The governor of the Bank of England, Mervyn King, has warned that the US sub-prime mortgages crisis poses more risks for the UK’s financial system.
He also revealed that it was Chancellor Alistair Darling who decided not to support a Northern Rock takeover bid.
Mr King told the BBC he had advised the chancellor that governments should not provide financial help to one company so that it could take over another.
The Bank of England has agreed to give emergency financial support to the Northern Rock, one of the UK’s largest mortgage lenders, the BBC has learned.
However this does not mean that the bank is in danger of going bust, Business Editor Robert Peston says.
There was no reason for people with Northern Rock savings accounts to panic, he added.
The bank has struggled to raise money to finance its lending ever since money markets seized up over the summer.
The decision for the Bank of England to become the “lender of last resort” is extremely rare – and comes after consultation with the Treasury and the Financial Services Authority.
The Bank of England has raised interest rates for the fifth time within a year, by another quarter of one percent.
Base rates are now 5.75% – their highest level since 2001. That means homeowners face an extra £16 a month on a typical £100,000 mortgage.
And – say experts – rates could go up yet again – after the Bank said it was determined to bring inflation under control.
Employers have warned that ‘relentless’ increases could harm British businesses – and there’s already been a surge of people seeking help with mortgage arrears.
Like the captain of a supertanker, the Bank of England governor Mervyn King is struggling to keep the economy on course.
Four interest rate rises in less than a year have failed to slow the economy down. Now he hopes a fifth 1/4 point rise to 5.75 per cent will stop it running away with itself.
That’s good news for savers but not borrowers, and in particular many homeowners.
Consumer confidence fell for the first time in six months during June, as people braced themselves for higher interest rates, a survey showed.
The drop wiped out half of the strong rise in confidence recorded in May, with people worrying about the economy and jobs both now and in six months’ time, Nationwide Building Society said.
Consumers’ willingness to spend money was the only index to rise during June, increasing by two points, although it still remains broadly flat for the past six months and significantly lower than it was this time last year.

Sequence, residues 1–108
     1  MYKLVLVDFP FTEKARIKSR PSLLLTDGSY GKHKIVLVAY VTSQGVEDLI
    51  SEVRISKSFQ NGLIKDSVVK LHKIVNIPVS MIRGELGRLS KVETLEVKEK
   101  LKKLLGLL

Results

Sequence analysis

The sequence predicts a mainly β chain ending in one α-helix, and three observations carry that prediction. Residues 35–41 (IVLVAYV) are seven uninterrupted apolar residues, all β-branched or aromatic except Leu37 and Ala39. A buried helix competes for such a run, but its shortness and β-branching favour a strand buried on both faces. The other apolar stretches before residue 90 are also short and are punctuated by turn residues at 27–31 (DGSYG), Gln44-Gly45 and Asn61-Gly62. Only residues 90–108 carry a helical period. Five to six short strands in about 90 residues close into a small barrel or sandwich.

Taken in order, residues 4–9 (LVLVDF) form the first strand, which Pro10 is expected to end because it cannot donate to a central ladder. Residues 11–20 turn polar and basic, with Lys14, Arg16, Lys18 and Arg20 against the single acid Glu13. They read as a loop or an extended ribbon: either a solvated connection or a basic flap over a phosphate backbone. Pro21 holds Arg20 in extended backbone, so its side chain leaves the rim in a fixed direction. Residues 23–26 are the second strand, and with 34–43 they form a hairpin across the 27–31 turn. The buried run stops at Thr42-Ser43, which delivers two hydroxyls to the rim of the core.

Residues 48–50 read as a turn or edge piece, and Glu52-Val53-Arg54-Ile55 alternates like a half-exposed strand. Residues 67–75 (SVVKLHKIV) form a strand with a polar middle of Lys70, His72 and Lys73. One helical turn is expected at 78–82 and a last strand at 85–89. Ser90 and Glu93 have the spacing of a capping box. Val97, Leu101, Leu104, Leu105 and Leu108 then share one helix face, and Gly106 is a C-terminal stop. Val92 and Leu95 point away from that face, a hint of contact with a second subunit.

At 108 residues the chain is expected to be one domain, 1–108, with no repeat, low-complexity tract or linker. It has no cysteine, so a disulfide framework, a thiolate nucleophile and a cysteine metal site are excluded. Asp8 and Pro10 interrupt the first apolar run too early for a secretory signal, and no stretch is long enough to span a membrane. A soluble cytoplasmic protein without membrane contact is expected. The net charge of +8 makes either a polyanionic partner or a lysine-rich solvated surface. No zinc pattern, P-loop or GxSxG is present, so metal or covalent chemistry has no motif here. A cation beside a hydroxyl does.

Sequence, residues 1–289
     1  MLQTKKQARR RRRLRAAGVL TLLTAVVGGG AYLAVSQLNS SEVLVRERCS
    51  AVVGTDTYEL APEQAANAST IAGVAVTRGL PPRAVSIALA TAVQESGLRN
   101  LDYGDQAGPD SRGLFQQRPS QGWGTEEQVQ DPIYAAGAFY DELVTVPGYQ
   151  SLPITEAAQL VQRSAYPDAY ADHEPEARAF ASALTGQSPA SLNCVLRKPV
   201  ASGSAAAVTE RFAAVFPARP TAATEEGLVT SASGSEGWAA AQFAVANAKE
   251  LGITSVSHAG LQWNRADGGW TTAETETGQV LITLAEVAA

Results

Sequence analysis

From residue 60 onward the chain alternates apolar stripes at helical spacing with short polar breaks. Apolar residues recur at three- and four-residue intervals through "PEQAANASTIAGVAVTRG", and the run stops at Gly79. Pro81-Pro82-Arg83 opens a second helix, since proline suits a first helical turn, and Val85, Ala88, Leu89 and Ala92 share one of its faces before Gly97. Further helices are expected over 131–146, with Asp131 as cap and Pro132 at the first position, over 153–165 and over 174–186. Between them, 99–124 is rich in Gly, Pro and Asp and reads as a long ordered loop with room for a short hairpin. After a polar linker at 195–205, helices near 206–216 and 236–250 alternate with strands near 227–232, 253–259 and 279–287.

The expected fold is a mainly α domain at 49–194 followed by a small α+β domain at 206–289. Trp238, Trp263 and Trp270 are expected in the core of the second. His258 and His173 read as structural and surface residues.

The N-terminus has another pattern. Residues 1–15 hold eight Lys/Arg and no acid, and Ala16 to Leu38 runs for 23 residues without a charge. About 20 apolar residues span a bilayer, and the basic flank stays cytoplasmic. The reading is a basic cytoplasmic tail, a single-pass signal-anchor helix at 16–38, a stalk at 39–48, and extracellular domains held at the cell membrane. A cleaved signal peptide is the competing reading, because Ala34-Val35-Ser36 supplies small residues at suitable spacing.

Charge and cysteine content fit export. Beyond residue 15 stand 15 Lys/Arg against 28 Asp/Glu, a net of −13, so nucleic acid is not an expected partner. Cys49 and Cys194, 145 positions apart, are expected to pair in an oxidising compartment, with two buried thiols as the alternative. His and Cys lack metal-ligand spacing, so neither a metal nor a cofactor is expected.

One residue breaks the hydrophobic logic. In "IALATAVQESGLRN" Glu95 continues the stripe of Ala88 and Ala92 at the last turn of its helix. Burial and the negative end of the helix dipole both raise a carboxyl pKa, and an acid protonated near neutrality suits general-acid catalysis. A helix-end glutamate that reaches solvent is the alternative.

The research comes as the Bank of England’s Monetary Policy Committee begins its two-day interest rate setting meeting. It is widely expected to announce a further hike in the cost of borrowing on Thursday.
The Bank of England governor warns that the cost of borrowing will increase if rising prices continue.
Governor Mervyn King’s warning is the strongest indication yet that more interest rate hikes are on the way.
Although the official level of inflation fell this morning, Mr King observed that the situation for some homeowners looks bleak, with mortgages now at their least affordable level for 15 years.
The bank chief told the Welsh CBI there was a list of worrying inflationary pressures which remained “elevated” and may lead to action by the Bank’s Monetary Policy Committee.
“If these indicators remain elevated, the MPC may need to take further action,” he said.
With it becoming ever easier for householders to borrow from banks, Mr King also warned householders about variable rate borrowing.
He said: “Obvious though the point may seem, it is unwise to borrow so much that the repayments are affordable only if interest rates remain at their initial levels.”
The prospect of a rise in interest rates has been upgraded to “imminent” after inflation reached 3.1% in March, more than 1% above the government’s target.
Industry experts say homeowners should brace themselves for a minimum 0.25% rise in the Bank of England base rate next month, which is currently pegged at 5.25%. This would represent the fourth rise of its kind since August last year.
Andrew Montlake, partner at mortgage broker Cobalt Capital, said: “A quarter point rise is almost a dead cert for May, but it could be as high as 0.5%.
Inflation has gone past 3%, forcing the Bank of England’s governer to write a letter of explanation to Gordon Brown.
Controlling inflation has been at the very heart of the government’s claim to economic competence.
But today for the first time in 10 years, the rate of inflation rose above Gordon Brown’s target.
The Bank of England has the job of meeting that target: the Governor’s now written the Chancellor, explaining what’s gone wrong.
In his letter, Mervyn King talks of growing price pressures within the economy, and most economists believe more interest rate hikes are imminent.